“I think they’ve been very successful as a minority party,” said Rep. Jonathan Stickland, a Tea Party-backed Republican from Bedford. “We haven’t had any pro-life legislation, we haven’t had any immigration legislation, and we’ve spent a whole bunch of money. So I think they would count that as a victory.

“What Democrats have done best is identify liberal Republicans and have gotten them on board with a bunch of their agenda,” Stickland said. He added, “Don’t ask me to name names.”

Rep. Lon Burnam, D-Fort Worth, dean of the Tarrant County House delegation after 16 years in the Legislature, acknowledges that Democrats are often known for voting “their own personal quirks and preferences.”

But he said Democrats were “hanging tough” in support of restoring education money this year after constituents signaled their dismay over public school cuts in the 2012 elections.

The push for more education money spanned both chambers, uniting House and Senate Democrats in a common cause.

Sen. Wendy Davis, D-Fort Worth, who filibustered against the 2011 education cuts, made the issue a top priority again this year. She cast one of two dissenting Democratic votes against a Senate-passed budget in March, saying the $195.5 measure didn’t adequately fund public schools.

Democrats in both chambers have consistently kept “in touch with each other” and tried to “work strategically” to press for increased education funding, Davis said.

Additionally, she said, Democrats in the House were “more muscular” this year because “the House Republicans aren’t as unified as they once were.”

“Both chambers are working to try to get us as close to where we were prior to the budget cuts of last session,” she said of House and Senate Democrats.

Budget battle

The $3.9 billion in the compromise budget was the final bottom-line demand from Democrats, representing a sharp climb from a proposed $1.5 billion education funding increase in an early Senate proposal.

Republican leaders also cited education as a top priority, but sharp differences over the total spending level provoked rising tensions in the Capitol.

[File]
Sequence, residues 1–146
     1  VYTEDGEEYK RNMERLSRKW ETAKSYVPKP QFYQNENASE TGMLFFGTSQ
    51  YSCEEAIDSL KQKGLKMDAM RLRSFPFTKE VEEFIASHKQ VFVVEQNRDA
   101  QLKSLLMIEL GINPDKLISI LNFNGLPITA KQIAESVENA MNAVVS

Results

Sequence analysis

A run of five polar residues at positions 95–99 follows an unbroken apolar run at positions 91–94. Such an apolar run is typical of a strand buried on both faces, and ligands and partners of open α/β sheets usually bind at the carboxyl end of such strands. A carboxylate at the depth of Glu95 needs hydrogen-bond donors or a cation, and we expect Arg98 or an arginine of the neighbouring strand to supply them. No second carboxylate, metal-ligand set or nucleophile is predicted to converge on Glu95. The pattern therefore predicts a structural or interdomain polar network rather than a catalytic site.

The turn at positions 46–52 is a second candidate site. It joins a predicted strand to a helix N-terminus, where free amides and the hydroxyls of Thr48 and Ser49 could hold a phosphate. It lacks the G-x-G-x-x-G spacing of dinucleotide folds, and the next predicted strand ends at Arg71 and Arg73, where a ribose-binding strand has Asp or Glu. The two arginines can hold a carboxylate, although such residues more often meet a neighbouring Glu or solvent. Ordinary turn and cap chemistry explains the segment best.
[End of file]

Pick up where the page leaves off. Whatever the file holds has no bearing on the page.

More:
Democrats, at one point, accused the Republican leadership of reneging on agreements. Gov. Rick Perry, in turn, declared that “that there are folks that would like to blow up the session just to see the pieces of the machinery blow up through the air.”

House Democrats operated under a leadership team headed by two Metroplex lawmakers.

Dallas Rep. Yvonne Davis was elected as the top Democrat and Rep. Chris Turner of Grand Prairie was named caucus chairman, the No. 2 spot.

Turner, a political consultant who served in the 2009 Legislature, is in his second term in the House after rebounding in the 2012 elections.

Burnam also plays a prominent role for Democrats as co-chairman of the House Democratic Campaign Committee, which was credited with the 2012 election gains that broke the Republicans’ supermajority in the House.

Turner said Democrats support infrastructure improvements such as water and transportation but not at the expense of inadequately funding education.

“We’re taking the approach that all these things need to be resolved together – not in a vacuum by themselves,” he said. “Even though we’re outnumbered, we’ve been unified and that’s the most important thing. If you’re unified you can accomplish a lot.”

Dave Montgomery is the Star-Telegram’s Austin bureau chief. 512-739-4471 Twitter: @daveymontgomery